COVID-19 press briefing with COVID-19 Public Advisor David Ellis featuring Dr. Corey Forde, Dr. Kenneth George, and Dr. Adanna Grandison – September 29, 2021. (PMO)

First Vice President of the Barbados Association of Medical Practitioners (BAMP), Dr. Adanna Grandison, has made a call for persons residing in Barbados to know their COVID-19 status.

She made the appeal, while explaining the soon to be implemented home quarantine and isolation programme, during a press conference held at Ilaro Court, this morning.

Dr. Grandison stated that now is the time to normalise testing. “I think it is important that we ask you, I’m asking, begging you, really, to essentially present early; get tested. If you’ve noticed a change in your presentation of what you know is your baseline, go out and get tested. Know your status.”

While acknowledging that some persons are hesitant to get tested because of the uncomfortableness of the test, she encouraged persons to be brave and to get tested. 

“The test is not a painful test; it is uncomfortable. I would admit it almost feels like if you’ve gone to the beach and salt water has gone into the back of your nose and it start to feels a little uncomfortable for a few seconds, and that’s temporary; after a few seconds that goes,” she stated.

The new Consultant Manager of Home Quarantine pointed out that unknown COVID-19 statuses and presenting at medical facilities too late with severe symptoms could impact the care administered to persons.

“If you start to get some symptoms, we can identify you early. We can intervene as healthcare professionals early, and offer you the best possible chance of not getting worse.  If you present to hospital, very very late, or you present for testing very very late, where you have lots of symptoms now, feeling short of breath, … then it’s very very very difficult for health care professionals to really help you a lot, as much as we would like to,” she said.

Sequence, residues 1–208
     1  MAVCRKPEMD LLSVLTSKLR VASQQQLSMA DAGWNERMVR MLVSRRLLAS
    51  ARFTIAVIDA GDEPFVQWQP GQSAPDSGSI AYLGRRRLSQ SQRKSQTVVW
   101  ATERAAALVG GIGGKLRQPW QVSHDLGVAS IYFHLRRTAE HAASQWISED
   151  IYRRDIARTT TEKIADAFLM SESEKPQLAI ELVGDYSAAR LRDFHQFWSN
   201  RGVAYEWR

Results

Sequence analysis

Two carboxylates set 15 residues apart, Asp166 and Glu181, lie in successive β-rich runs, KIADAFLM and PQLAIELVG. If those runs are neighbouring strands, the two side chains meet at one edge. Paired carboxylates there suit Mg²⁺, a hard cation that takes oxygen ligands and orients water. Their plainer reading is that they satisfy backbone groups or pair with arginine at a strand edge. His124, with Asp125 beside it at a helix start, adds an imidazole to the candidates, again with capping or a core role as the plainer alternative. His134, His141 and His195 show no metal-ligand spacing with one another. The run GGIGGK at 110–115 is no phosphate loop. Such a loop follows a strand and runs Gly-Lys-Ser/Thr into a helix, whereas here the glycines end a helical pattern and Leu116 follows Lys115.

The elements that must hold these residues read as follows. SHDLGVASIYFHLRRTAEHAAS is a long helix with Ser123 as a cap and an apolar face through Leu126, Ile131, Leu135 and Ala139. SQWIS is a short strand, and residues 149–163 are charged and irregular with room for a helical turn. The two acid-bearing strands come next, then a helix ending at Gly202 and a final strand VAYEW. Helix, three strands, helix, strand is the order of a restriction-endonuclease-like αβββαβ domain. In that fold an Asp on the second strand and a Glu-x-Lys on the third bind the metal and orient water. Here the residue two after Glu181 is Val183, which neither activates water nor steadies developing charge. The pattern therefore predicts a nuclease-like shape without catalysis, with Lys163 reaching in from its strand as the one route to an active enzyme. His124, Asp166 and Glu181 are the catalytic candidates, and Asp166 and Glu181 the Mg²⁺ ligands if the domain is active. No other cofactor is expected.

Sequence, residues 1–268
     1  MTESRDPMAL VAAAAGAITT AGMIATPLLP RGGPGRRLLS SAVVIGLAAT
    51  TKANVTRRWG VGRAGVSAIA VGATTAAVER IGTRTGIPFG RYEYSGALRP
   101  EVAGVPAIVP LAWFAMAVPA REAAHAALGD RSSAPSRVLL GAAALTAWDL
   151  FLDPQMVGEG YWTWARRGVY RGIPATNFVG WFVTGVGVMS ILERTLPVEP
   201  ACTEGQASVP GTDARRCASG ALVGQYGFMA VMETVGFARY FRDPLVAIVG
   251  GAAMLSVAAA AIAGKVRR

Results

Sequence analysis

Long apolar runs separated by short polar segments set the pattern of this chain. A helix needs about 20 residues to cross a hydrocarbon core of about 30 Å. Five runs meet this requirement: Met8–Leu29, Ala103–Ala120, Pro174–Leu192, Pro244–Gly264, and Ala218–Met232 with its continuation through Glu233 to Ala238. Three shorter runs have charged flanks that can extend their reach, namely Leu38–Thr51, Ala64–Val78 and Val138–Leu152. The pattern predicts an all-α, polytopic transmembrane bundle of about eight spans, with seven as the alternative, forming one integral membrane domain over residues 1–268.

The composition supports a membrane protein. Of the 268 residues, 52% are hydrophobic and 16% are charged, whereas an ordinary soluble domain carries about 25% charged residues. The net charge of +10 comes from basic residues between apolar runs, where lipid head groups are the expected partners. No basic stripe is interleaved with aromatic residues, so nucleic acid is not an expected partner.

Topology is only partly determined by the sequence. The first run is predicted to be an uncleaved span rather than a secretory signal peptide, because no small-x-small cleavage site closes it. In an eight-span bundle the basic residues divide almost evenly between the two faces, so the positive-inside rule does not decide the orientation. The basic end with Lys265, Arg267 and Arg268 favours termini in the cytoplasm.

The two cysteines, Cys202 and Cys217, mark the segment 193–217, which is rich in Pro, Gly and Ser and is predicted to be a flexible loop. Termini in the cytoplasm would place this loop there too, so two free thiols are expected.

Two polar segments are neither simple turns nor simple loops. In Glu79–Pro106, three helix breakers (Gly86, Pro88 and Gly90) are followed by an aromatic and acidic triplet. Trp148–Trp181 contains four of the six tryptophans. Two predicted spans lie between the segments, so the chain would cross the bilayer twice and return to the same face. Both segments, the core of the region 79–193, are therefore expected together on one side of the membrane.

Dr. Grandison also took the time to share the concept of how ‘protected’ a person becomes once they receive a COVID-19 vaccine.

She explained that with receipt of the first dose from a two-course, a person receives “partial protection and that usually takes approximately 14 days”. 

The new Consultant Manager of Home Quarantine continue: “We still need for the body to recognise what is foreign in the body, and essentially start to try to get at that foreign entity and kill it, within the human body.

“Vaccines are really used to pique the immune system, and so, after the first dose we have that response. And then essentially for the two-dose shot, we’ll give another dose that will, again, ask the body: ‘Are you sure you’re ready? Recognise who this is. Let’s see how quickly you will respond the second time around.’  And so, for the second shot, that will also take approximately two weeks to mount a response.” 

Dr. Grandison also urged Barbadians to continue following the protocols in place – to wear their mask above their nose; wash their hands and practise physical distancing.

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